we choose personal comfort and conveniences over the good of all and of the planet, we wanted what we're getting.

I would be pleasantly surprised if this scenario about a North-American super-state replacing Canada were proven wrong -- by EVENTS (not by arguments or propaganda or the usual character assassination tactics). But I'm not holding my breath.

And politicians are not going to take the MRI truth test.

This is my farewell to all on the list. No doubt we're going to keep seeing the "interesting times" spoken of in the old curse.

Best wishes all,

Mary-Sue Haliburton
Signing off from Ottawa West - Nepean

Andy Rutherford

Subject: Fw: Food for thought... re Ben Stein

What do you think of this idea Joe?

.. . . sounds kosher to me.

nbsp; Joe
Why not post it?

Fw: Food for thought... re Ben Stein

Many folks think Ben Stein is just a quirky actor/comedian who talks in a monotone. He's also an economist and a very intelligent attorney who knows how to put ideas and words together in such a way as to sway juries and make people think clearly. The following was written by Ben Stein and recited by him on CBS Sunday Morning Commentary.

Here with a few confessions from my beating heart:

I have no freaking clue who Nick and Jessica are. I see them on the cover of People and Us constantly when I am buying my dog biscuits and kitty litter. I often ask the checkers at the grocery stores. They never know who Nick and Jessica are either. Who are they? Will it change m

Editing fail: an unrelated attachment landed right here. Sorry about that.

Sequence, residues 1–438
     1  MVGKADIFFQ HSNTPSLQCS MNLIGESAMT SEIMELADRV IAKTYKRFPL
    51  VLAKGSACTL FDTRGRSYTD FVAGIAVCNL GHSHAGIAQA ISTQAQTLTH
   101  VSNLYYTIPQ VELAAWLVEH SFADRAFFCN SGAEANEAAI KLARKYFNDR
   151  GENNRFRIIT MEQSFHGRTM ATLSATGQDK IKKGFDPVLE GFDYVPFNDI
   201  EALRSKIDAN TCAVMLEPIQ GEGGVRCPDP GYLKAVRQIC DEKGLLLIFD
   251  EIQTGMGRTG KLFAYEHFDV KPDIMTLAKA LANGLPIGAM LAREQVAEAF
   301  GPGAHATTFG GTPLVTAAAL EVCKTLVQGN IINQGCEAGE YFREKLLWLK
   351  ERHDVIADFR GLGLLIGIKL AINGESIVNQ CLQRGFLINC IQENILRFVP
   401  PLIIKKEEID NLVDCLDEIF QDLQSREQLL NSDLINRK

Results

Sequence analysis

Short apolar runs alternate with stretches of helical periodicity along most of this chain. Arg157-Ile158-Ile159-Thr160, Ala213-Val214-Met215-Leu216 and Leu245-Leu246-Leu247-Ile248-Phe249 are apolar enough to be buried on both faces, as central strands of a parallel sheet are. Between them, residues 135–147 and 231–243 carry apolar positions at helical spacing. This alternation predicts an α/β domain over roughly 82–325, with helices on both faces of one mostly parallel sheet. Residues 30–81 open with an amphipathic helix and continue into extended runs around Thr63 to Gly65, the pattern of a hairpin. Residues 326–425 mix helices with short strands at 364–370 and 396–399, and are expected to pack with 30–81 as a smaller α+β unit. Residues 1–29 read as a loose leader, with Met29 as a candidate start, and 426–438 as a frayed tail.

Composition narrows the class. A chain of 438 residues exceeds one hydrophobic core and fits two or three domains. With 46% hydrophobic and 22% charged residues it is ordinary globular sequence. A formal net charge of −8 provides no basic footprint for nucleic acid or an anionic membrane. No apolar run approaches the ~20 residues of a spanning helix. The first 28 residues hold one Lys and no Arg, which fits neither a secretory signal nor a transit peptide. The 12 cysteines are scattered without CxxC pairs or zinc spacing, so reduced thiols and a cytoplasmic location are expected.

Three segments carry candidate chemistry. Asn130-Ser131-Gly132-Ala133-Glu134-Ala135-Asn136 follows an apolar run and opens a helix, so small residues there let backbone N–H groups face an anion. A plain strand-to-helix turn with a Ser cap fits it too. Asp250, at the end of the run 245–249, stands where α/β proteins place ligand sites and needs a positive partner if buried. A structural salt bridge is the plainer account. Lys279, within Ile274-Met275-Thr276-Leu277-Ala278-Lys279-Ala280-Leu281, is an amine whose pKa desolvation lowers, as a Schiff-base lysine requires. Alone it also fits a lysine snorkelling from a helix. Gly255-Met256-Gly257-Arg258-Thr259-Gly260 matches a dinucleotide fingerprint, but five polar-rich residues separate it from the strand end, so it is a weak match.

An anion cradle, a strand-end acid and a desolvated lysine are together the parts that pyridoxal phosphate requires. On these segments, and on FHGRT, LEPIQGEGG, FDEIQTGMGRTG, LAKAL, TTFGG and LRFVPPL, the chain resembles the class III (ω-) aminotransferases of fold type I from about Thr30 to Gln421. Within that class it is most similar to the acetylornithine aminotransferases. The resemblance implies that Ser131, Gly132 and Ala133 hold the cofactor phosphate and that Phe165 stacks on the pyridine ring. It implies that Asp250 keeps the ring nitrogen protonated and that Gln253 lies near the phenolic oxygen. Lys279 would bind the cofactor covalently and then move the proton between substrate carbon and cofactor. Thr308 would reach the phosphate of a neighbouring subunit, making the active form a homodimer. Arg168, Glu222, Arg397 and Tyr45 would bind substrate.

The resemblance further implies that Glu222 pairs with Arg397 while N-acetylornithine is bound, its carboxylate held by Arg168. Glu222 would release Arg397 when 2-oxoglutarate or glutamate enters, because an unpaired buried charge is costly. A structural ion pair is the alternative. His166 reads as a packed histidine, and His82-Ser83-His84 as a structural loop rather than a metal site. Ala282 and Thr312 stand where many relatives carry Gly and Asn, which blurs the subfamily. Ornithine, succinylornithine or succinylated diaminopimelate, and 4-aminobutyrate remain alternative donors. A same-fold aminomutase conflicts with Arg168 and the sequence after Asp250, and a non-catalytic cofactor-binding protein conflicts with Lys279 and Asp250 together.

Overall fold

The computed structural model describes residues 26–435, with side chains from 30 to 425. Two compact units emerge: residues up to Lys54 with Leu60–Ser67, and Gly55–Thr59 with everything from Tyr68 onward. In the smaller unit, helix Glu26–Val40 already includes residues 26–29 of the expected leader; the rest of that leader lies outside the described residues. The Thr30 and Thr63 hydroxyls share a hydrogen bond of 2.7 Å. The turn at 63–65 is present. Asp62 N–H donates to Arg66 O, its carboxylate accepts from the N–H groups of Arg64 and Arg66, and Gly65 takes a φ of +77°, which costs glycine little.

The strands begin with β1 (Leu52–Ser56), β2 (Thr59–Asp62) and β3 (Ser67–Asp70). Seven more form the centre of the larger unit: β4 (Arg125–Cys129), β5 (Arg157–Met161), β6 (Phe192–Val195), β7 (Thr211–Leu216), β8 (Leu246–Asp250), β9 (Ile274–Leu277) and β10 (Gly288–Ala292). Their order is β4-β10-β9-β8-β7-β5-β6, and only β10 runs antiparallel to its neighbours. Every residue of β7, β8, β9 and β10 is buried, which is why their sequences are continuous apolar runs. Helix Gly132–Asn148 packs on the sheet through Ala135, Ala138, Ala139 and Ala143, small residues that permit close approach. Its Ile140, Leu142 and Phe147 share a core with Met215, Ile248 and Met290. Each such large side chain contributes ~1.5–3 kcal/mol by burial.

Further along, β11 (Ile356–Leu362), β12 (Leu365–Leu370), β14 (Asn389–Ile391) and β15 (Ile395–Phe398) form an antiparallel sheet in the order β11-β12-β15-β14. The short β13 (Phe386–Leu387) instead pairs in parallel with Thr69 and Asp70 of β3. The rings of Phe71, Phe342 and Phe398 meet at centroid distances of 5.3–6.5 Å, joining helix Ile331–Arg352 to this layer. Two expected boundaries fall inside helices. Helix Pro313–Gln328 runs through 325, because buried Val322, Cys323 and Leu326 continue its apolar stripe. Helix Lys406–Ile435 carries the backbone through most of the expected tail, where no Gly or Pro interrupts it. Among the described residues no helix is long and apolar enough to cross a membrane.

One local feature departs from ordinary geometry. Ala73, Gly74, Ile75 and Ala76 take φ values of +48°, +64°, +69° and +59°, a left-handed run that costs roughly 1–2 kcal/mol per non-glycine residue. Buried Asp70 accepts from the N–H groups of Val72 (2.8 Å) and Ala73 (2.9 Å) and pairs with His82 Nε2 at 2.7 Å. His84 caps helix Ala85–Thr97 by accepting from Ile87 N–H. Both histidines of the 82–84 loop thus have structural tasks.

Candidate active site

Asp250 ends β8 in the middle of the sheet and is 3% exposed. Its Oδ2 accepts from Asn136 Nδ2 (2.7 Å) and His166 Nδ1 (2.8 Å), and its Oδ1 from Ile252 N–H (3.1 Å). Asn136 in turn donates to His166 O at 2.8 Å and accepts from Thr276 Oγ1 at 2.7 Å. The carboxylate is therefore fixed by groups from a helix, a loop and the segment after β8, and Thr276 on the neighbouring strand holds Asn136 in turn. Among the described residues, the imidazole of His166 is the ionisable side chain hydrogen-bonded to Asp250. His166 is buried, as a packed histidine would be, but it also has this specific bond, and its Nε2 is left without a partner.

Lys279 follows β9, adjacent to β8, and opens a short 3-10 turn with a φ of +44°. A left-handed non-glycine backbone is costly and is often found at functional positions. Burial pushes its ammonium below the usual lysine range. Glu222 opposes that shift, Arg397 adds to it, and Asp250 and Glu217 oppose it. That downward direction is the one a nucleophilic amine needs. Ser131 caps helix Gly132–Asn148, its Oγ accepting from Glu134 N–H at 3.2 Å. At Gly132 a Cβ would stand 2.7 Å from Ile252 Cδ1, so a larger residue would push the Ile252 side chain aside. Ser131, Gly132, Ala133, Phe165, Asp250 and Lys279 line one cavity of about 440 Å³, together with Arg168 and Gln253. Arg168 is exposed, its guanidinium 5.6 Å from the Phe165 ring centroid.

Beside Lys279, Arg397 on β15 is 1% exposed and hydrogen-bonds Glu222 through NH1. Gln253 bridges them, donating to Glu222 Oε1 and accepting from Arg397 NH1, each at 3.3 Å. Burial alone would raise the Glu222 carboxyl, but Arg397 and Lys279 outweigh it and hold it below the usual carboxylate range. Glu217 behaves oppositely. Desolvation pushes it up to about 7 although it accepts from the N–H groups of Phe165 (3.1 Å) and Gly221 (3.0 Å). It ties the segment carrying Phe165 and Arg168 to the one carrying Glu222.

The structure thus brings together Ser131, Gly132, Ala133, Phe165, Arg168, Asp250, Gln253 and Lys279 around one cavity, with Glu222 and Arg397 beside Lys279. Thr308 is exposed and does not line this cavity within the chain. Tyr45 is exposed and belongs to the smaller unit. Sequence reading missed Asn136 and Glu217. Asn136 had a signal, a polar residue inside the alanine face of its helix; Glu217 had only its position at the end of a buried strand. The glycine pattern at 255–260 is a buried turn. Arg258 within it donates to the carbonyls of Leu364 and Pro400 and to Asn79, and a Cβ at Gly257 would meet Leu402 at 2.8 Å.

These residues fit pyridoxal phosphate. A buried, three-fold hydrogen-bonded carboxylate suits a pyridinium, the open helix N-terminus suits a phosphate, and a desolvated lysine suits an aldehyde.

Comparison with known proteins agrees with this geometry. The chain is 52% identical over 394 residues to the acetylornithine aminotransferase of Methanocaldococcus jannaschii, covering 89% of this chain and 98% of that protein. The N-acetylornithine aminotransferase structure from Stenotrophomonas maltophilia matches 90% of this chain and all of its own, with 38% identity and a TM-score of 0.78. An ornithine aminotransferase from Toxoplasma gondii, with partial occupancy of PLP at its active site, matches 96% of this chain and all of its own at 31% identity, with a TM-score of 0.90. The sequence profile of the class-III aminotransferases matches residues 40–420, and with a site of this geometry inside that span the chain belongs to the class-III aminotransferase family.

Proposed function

y life if I know who they are and why they have broken up? Why are they so important?

I don't know who Lindsay Lohan is either, and I do not care at all about Tom Cruise's wife. Am I going to be called before a Senate committee and asked if I am a subversive? Maybe, but I just have no clue who Nick and Jessica are. If this is what it means to be no longer young. It's not so bad.

Next confession:

I am a Jew, and every single one of my ancestors was Jewish. And it does not bother me even a little bit when people call those beautiful lit up, bejeweled trees Christmas trees. I don't feel threatened. I don't feel discriminated against. That's what they are: Christmas trees.

It doesn't bother me a bit when people say, "Merry Christmas" to me. I don't think they are slighting me or getting ready to put me in a ghetto. In fact, I kind of like it. It shows that we are all brothers and sisters celebrating this happy time of year.
It doesn't bother me at all that there is a manger scene on display at a key intersection near my beach house in Malibu. If people want a crèche, it's just as fine with me as is the Menorah a few hundred yards away.

I don't like getting pushed around for being a Jew, and I don't think Christians like getting pushed around for being Christians. I think people who believe in God are sick and tired of getting pushed around, period. I have no idea where the concept came from that America is an explicitly atheist country. I can't find it in the

Constitution, and I don't like it being shoved down my throat.